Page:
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Nine tips for journalism newbies

January 22, 2011

I remember my first day of journalism school. I thought I knew bloody everything. By the second day I realised I knew bloody nothing, and was honestly a bit frightened by the gulf that separated me from a real-life professional journo.

If you’re in journo school now, or heading that way, you probably know how I felt.

There’s just so much uncertainty.  How do you get a job when you graduate? Will they even be jobs for journalists by then? What kind of work is a dead-end, and what’s the next-big thing in journalism? How many Santa parades can you actually cover before you go mental?

These are important questions, and I can’t help with all of them, but here are some tips that might help folks starting out in journalism.

Weird image of striped dog thing

I don't know what this is either, but Wikicommons say it has something to do with being lazy. Credit: Patti Haskins.

1. Get a job

Journalism school is just practice for the real world. If you work hard you’ll pick up basics pretty quickly, and then it’s just a matter of repetition until the skills become instinct.

Now is not the time to put your feet up. Write articles on whatever you can. Then flog them wherever you can to get your name out there, build up your portfolio and get more experience. The editor who rejects all your articles will still know your name, and respect you for trying.

If you can’t find a job in a paper, volunteer at one. Most news orgs are understaffed and underfunded and will give you a go, especially if they’re small companies.

2. Learn how to talk to strangers

If you can’t start up a conversation with someone you don’t know, you’re going to miss out on a lot of top stories. Learn to be interesting and engaging. And don’t be afraid to just walk up to someone and ask what’s going on.

3. It’s not a job for nice people

You’ll have to knock on the doors of people who have just lost a family member. You’ll get yelled at. You’ll be called scum. You’ll be called a pain in the ass. That just means you’re doing the job properly.

twitter logo

Credit: GageSkidmore. Modified by Cpro.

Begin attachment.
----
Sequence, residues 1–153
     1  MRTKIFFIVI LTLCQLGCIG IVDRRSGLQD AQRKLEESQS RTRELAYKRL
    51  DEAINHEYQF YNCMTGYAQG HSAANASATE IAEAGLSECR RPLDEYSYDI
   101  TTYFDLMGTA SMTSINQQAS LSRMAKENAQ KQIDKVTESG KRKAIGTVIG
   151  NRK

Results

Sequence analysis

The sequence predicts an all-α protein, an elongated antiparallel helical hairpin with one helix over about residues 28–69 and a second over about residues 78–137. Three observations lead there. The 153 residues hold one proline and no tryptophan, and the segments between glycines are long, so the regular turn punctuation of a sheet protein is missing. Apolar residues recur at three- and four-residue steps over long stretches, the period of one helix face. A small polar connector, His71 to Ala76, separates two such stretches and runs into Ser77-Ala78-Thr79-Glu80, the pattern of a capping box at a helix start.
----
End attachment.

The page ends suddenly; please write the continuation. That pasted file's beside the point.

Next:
4. Get on Twitter

If you don’t have a Twitter account already, get one. Use it both to promote yourself and find stories and interviews. Twitter is an essential part of a modern newsroom. Showing you get how to use it will help you land a job.

5. Hit the streets

Can’t think of a good story? Go walking around your neighbourhood. Talk to people who look like they’re doing interesting stuff. There are stories everywhere.

6. Get published

The internet means everything you create can have a home. And everything you create should. If you can’t get your articles/photos/videos into a real news org, put them on your own blog or website.  Send the links to the people you interviewed too.

7. Data is your friend

Data journalism is only in its infancy, and there’s a lot of public data that’s still untouched. Learn where to get it from, how to analyse it and how to find the interesting trends. This will be an invaluable skill.


See? Isn't maths fun? Credit: Galaksiafervojo

8. Maths is also your friend

A basic grasp of maths (eg how to get percentage increases) will help you cut through the BS that PR and communications staff will dish out. I’m still shocked how many experienced journos can’t work out a percent increase.

9. Learn to shoot and edit video

Even if it’s just on your phone. Download some free software and have a play. You’ll be expected to at least be able to work a video camera/smartphone, but being able to do basic editing will be a huge bonus.

One Comment leave one →
  1. guy permalink
    January 23, 2011 11:12 am

    Good advice. I’d add that nice people can work in journalism, they just have to fight some of their instincts.

    Another reality students need to get their head around is that journalism is everything that goes between the identification of a story to its delivery to the public in whatever form it takes – which you touch on with the video editing advice.

    There are a lot of jobs in news production and very few jobs sleuthing around in a tweed jacket exposing the abuses of the powerful against the powerless.

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